California’s youngest children need more mental health support, advocates say

Elizabeth Lomeli reads to her daughter, Gisselle, at their home in Pacoima on April 23, 2022. Photo by Da'Shaunae Marisa for CalMatters

While California has committed billions of dollars to support the mental health of K-12 students, little has been specifically dedicated to children 5 and younger.

Advocates say it’s a need that needs to be addressed, and they are asking Gov. Gavin Newsom to set aside $250 million in the state budget to support the mental health of infants, toddlers, preschoolers and their parents and caregivers.

Kids under 5 account for almost a quarter of all Medi-Cal recipients under 21 but do not receive a proportionate share of health and mental health care compared to older youth, according to Children Now, an advocacy organization focused on the health and welfare of California’s children. At least 43% of those children under 5 have experienced at least one adverse childhood experience. These experiences — including violence, abuse or neglect — have been connected to chronic illnesses later in life and death.

“They are very cute and adorable so people don’t see any needs besides feeding and clothing them at this age,” said Lishaun Francis, director of behavioral health for Children Now.

“Because they can’t speak about their needs, they can’t say ‘This is making me sad’ or ‘This is not a healthy attachment relationship.’ They can’t express themselves so we take for granted what they need.”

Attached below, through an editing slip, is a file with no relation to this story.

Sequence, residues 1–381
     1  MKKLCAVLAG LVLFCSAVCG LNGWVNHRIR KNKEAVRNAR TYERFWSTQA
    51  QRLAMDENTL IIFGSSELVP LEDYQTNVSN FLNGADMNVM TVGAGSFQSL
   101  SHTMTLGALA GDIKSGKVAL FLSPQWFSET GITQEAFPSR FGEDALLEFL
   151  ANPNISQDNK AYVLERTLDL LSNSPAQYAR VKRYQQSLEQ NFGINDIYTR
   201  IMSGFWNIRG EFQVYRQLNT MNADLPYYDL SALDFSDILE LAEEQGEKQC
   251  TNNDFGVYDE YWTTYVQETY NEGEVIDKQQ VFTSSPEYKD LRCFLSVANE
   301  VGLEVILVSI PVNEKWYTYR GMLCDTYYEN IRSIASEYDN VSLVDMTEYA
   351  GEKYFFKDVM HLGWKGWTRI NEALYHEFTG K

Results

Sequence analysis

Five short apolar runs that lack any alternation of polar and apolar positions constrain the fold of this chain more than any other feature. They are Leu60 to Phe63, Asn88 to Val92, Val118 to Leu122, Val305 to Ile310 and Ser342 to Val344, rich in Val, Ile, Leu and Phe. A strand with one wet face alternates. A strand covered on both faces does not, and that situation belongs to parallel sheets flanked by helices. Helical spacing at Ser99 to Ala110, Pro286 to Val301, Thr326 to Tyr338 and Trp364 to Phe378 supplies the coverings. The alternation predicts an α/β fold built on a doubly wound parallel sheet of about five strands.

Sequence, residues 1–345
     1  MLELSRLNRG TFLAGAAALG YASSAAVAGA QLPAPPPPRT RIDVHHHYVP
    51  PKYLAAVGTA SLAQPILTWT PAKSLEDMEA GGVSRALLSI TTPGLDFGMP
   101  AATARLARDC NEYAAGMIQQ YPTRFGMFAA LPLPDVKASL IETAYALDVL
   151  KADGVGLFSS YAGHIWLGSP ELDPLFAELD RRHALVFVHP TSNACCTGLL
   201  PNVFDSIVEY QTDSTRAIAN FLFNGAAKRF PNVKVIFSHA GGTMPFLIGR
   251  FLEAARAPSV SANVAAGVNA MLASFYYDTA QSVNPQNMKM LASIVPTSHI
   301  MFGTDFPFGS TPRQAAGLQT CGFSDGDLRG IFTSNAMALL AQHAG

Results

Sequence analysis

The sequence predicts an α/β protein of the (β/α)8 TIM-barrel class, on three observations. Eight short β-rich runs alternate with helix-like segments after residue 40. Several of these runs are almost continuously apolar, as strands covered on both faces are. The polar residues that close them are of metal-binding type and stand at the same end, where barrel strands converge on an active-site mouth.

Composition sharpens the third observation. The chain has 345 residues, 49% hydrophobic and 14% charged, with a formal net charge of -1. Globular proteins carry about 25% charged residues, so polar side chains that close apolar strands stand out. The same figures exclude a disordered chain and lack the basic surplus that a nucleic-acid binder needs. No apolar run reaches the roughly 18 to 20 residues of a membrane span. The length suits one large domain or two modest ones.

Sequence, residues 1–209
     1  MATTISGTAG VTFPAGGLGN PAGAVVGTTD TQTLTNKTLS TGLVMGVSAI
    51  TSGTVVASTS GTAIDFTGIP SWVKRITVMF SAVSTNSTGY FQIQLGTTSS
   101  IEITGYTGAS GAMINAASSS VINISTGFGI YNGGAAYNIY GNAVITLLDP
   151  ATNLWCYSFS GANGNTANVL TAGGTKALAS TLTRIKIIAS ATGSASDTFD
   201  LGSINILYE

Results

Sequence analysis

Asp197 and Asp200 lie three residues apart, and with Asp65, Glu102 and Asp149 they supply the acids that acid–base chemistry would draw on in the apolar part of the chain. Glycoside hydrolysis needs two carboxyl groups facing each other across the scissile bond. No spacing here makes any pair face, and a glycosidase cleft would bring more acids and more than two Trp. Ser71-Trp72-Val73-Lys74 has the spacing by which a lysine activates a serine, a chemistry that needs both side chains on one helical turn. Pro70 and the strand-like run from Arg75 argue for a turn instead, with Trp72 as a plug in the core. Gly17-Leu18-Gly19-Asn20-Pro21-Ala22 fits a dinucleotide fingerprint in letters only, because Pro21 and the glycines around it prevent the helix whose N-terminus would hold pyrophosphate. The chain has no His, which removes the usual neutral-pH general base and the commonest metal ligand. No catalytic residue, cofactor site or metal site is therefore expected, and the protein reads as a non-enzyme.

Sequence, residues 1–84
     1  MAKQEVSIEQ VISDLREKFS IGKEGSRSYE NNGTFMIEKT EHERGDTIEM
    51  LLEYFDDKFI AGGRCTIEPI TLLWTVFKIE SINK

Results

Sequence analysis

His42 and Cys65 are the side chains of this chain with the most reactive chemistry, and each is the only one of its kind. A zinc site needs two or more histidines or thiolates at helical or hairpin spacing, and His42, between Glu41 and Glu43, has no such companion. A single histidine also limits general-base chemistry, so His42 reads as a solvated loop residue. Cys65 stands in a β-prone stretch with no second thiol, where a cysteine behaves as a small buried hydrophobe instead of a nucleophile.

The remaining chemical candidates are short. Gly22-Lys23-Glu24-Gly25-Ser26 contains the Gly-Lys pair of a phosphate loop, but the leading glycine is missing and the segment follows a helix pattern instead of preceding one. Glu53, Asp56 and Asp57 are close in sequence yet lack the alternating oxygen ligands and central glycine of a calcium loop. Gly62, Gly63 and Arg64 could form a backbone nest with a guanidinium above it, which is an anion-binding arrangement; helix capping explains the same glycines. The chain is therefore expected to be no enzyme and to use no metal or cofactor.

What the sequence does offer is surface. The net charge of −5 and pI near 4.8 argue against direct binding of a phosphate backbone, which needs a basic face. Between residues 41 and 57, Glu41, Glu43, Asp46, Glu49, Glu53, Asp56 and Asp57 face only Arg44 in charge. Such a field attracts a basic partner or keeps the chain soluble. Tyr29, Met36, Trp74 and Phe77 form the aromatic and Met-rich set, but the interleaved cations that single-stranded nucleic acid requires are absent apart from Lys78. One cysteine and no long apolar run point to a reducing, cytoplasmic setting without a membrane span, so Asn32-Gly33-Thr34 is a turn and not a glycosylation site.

Children Now, along with more than 400 organizations, sent a letter to Newsom asking for $250 million over four years to fund organizations that provide mental health support for mainly low-income infants and toddlers and their families. Advocates say providing support services early helps prevent children from experiencing adverse events, and if they have gone through trauma already it can help them heal and process. 

The money would also support training for child care providers and other caregivers to ensure they have the skills to help prevent traumatic experiences. Those skills include providing a nurturing relationship with children and helping a child cope with trauma. 

These needs have increased during the pandemic as children have experienced isolation, family stress over finances and housing, and possibly lost a parent or loved one to COVID-19.

Because infants and toddlers can’t express their feelings the way an older child might, there is a perception they don’t register stressful or traumatic events the same way older children might.